The Sustainable Land Lab will be a living laboratory of two-year demonstration projects that will showcase innovative ideas and integrated strategies to transform vacant land, one of the St. Louis region’s greatest challenges, into an asset that advances sustainability. On November 2, the Sustainable Land Lab launched a public competition as part of the Sustainable Cities Conference, hosted by Washington University in partnership with the City of St. Louis. Teams are competing for the opportunity to demonstrate their ideas through tangible projects at the scale of a single vacant lot.
Each of the Sustainable Land Lab’s demonstration projects will consist of integrated strategies for urban sustainability issues, such as: power generation, site remediation, storm water management, economic development, food systems, art, community engagement, and habitat creation. In this inaugural year of the competition, Old North St. Louis will serve as the pilot neighborhood for the Sustainable Land Lab. Teams will have the opportunity to select their project site from six available lots located in close proximity to one another, directly adjacent to or within the Crown Square redevelopment. Up to four demonstration projects will be chosen to receive a two-year lot lease and a $5,000 grant toward project implementation.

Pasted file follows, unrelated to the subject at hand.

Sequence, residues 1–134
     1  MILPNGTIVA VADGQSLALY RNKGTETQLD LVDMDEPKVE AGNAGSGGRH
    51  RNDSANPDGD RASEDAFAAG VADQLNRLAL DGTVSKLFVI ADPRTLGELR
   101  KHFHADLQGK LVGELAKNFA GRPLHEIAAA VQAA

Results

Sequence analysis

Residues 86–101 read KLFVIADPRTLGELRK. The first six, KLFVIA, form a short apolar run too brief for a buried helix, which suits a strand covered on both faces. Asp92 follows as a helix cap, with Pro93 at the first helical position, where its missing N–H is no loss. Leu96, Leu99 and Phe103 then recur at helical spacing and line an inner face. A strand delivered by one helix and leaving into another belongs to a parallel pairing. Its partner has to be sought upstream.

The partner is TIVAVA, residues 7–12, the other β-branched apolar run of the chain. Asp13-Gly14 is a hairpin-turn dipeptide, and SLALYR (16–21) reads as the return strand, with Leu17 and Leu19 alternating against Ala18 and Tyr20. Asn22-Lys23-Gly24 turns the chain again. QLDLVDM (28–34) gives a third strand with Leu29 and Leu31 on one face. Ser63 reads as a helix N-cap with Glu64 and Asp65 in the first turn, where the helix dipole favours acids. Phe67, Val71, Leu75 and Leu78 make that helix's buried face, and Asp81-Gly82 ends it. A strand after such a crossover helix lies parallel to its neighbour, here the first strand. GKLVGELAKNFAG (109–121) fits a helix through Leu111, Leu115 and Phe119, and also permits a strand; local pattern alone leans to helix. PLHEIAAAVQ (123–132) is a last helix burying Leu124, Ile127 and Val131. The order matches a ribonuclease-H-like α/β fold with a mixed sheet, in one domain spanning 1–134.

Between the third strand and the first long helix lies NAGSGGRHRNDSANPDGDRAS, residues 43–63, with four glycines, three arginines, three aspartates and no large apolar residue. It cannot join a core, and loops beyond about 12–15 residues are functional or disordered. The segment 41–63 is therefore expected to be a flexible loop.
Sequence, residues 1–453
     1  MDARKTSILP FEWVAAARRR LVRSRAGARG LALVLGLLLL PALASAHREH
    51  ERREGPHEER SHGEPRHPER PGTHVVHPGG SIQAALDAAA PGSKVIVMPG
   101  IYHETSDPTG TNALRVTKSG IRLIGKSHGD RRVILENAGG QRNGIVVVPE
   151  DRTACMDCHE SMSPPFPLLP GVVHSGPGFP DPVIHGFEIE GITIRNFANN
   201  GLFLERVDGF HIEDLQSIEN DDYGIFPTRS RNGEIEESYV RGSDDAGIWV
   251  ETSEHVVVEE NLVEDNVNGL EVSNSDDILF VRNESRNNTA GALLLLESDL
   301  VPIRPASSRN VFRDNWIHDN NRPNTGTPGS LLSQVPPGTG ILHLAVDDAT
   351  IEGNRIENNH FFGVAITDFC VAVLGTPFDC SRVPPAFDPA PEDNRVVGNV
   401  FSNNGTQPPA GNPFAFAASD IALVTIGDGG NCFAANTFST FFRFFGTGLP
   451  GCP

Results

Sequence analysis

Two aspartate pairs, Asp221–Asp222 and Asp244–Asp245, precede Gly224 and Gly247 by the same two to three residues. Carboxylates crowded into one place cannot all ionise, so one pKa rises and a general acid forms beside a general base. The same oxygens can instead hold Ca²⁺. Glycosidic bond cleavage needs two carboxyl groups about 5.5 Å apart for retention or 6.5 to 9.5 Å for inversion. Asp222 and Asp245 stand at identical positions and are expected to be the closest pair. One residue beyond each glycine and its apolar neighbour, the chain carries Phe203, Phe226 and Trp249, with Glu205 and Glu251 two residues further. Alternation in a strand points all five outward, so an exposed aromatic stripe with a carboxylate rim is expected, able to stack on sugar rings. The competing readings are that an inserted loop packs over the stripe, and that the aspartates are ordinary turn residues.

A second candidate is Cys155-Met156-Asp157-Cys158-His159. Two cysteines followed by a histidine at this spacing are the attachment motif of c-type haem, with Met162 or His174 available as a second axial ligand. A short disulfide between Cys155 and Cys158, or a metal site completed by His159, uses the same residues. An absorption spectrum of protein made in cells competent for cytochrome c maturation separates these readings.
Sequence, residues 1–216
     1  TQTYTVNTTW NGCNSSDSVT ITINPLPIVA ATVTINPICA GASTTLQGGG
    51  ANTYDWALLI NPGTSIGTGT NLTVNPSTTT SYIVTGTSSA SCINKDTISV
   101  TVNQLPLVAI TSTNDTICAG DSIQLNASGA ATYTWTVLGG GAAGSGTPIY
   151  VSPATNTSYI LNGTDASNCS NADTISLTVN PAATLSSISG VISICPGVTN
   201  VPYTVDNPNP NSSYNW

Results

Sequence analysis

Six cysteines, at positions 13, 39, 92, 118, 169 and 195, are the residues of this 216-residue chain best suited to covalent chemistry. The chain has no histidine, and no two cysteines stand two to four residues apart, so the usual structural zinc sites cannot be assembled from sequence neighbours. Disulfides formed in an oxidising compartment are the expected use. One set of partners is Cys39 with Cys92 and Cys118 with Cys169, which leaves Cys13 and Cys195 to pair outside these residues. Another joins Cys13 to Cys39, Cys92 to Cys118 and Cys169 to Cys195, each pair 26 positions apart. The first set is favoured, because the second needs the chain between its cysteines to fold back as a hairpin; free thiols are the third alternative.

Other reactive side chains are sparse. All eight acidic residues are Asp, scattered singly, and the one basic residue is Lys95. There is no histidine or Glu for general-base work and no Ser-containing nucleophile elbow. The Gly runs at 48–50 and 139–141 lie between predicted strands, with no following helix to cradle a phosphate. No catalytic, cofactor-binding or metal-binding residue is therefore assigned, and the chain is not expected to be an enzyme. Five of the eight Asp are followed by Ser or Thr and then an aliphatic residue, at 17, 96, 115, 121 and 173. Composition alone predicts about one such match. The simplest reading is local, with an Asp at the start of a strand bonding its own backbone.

Goals of the Sustainable Land Lab Competition are to:
• Raise awareness and foster public dialogue about the challenges and opportunities of vacant land in order to reimagine it as a regional asset
• Spur innovative and replicable ideas for using vacant land to advance environmental, social, and economic sustainability
• Create tangible demonstration projects that: a) showcase interim and/or potential long-term uses of vacant lots and b) provide ongoing opportunities for public education and c) provide opportunities for data collection and observation of the impact of the solutions
• Build on and catalyze further neighborhood revitalization efforts in and around the project area
• Spark increased demand for creative, smart, and sustainable uses of under-utilized land in other neighborhoods
The City of St. Louis estimates more than 10,000 vacant parcels have come into its ownership through tax foreclosure — and nearly 20 percent of all property within city limits is vacant. Approximately 8,000 of the City-owned parcels are vacant lots without any structures. Concentrations of vacant and/or underutilized land are closely interrelated with detrimental social, economic, and environmental impacts, including depressed property values, high prevalence of crime, environmental hazards, and additional disinvestment. All of these outgrowths of abandonment raise costs for local and regional governments and weaken the ability to attract and retain businesses and residents in the area. The vast number of vacant lots, buildings, and commercial areas in the St. Louis region is a compelling indicator suggesting a need to embrace additional and alternative approaches to urban land use.
While there aren’t any quick solutions to such a multi-faceted issue, case studies across the U.S. show that a shift in public thinking and policy around the highest and best use of these properties presents a major opportunity for innovation. Repurposing vacant land for environmentally, socially, and/or economically productive uses, whether interim or long-term, can have transformative impacts on the health and vitality of neighborhoods, the City, and the region.
The competition has been launched November 2 2012, and the winning teams will be announced April 8 2013.
More details here.